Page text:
At the same time that his versatility made him a popular dance personality, conversely it may have also kept him from screwing down a nice packaged identity that would have brought his talent out the bottoms. The blues purists are only frustrated by his diversity in their self-inhibiting pigeon-holes. Critics are usually put off by versatility, and are looking for marketable styles that feed the latest trends, not somebody really good at playing music that has been around for fifty years. But Mance was quite eclectic and followed his artistic sensibility. If he liked a song, he was going to learn it.

Over the years he met many musicians who inspired him. He loved to listen to the Mexican musicians who passed through every cotton picking season. They picked cotton all day and sang all night long. He would happily stand in the distance and drink in the Spanish guitars as they played around the fire as if it was a public live music concert. One of the earliest bluesmen to light his flame up close was barrel house pianist Blind Bob Conner whom he would try to accompany with his old beat up guitar. Another was Son McFarland, who taught him a couple of his future classics in 1914.  The next year while out cotton picking up in the north end of the Navasota Valley, he met Tom and Gummy Meigs of Ennis, Tx and gathered that musicians were happy, well adjusted folk who could actually do what they love, for money.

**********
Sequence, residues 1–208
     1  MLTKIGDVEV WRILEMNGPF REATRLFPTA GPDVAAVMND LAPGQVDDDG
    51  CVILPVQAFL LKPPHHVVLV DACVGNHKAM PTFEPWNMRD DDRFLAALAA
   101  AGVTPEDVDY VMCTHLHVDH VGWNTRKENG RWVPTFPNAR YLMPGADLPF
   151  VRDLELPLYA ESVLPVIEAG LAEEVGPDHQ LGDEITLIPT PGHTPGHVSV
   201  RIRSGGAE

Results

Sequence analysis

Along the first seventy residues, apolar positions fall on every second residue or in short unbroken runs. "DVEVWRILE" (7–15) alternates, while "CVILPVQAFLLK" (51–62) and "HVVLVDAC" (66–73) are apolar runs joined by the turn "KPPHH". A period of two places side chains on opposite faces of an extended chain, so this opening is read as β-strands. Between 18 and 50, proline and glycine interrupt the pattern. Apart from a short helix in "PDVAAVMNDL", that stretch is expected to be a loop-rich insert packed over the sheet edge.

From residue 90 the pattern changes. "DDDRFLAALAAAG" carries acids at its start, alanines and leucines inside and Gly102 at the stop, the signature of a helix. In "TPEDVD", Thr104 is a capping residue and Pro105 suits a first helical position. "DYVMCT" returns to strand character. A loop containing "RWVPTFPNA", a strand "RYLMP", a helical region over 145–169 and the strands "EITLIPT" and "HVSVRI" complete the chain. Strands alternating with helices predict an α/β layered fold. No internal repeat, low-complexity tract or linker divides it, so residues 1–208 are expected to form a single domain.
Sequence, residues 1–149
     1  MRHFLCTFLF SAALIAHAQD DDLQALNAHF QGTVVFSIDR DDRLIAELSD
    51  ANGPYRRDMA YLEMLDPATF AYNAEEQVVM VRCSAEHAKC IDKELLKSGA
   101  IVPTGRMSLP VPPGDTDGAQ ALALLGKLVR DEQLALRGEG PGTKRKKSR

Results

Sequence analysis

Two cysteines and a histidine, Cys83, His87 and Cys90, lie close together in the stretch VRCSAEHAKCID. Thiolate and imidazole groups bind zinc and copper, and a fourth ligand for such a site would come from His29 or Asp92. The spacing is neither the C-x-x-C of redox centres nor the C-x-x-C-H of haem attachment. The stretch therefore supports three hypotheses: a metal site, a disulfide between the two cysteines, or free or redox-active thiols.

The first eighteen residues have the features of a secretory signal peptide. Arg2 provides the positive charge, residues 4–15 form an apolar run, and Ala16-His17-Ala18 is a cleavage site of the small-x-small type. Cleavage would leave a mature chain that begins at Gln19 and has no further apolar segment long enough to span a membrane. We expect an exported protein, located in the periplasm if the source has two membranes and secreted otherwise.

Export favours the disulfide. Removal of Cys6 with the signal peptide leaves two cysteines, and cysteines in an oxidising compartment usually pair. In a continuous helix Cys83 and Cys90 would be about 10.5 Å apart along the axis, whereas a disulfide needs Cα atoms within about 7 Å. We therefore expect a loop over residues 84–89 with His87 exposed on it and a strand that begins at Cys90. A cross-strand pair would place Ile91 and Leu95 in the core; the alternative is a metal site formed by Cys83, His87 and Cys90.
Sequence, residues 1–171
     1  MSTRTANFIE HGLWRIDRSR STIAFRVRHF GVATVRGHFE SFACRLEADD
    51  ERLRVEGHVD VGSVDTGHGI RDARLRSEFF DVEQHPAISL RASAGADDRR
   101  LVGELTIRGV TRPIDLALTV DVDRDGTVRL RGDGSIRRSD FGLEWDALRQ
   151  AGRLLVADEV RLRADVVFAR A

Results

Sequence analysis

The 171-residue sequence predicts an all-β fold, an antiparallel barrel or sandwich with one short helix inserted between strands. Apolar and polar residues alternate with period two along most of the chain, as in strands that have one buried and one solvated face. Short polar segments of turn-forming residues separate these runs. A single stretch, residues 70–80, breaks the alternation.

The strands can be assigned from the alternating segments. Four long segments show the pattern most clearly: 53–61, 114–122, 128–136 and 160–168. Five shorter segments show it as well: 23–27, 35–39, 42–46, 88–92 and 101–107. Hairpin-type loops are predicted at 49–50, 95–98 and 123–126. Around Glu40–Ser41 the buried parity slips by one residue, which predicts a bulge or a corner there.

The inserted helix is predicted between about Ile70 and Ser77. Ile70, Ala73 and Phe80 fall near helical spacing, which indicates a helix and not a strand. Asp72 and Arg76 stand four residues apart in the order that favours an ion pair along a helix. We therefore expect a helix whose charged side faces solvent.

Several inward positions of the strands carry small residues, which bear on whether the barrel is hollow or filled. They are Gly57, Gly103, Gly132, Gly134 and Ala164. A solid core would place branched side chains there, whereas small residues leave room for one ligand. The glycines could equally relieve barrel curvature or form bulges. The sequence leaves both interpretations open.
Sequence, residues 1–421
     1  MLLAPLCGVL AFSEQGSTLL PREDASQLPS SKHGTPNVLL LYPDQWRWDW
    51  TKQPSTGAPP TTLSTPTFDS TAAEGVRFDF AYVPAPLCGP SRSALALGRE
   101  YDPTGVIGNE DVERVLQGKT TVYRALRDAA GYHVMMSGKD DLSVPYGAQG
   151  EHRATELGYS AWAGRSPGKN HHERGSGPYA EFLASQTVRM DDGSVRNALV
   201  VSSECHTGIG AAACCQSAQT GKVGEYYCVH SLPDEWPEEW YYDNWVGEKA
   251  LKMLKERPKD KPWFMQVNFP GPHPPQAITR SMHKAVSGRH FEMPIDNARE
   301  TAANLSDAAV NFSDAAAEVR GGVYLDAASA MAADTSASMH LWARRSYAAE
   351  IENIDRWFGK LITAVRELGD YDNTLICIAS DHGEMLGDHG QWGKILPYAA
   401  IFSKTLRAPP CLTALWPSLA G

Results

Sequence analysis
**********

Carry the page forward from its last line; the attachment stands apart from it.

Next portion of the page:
Around 1917 Mance first saw the legendary Blind lemon Jefferson, and gazed enviously on the man’s command of his songs and his audience. He never thought he could ever be that good. Other professionals continued to hang out with him and encourage him. Richard Dean of Conroe, and Hamp Walker, both professional travelling musicians with the  Barnum & Bailey Circus sideshow, brought him tricks and licks every year in the off season. They always had the latest scoop on the new and popular songs of the day.

Robert Timm served up his first real blues, which really got him going. Finally he had a focus to shoot for.

Locally, there was Sam Collins, Isom Willis and Ralph Lipscomb his older brother, who was always ahead of him when he was young, and he always looked up to him.

And one day in the 1920's, Mance was fetched to play for a big star passing through, something to entertain the man known as the Blue Yodeler. Jimmie Rodgers was so impressed he tried to hire Mance to go with him on his tour. It might have been a much different life, if he had gone. And that is probably why he stayed in Blues Valley. Rodgers was an avid blues lover, and had gotten great inspiration from Texas bluesmen while working as a railroad section hand. But it was not to be. But the visit had served one big purpose, as Mance finally got artistic validation from somebody who should know. That made a lot of difference to him. But still, he was happy with the simple tenant farming, family friendly life he lived.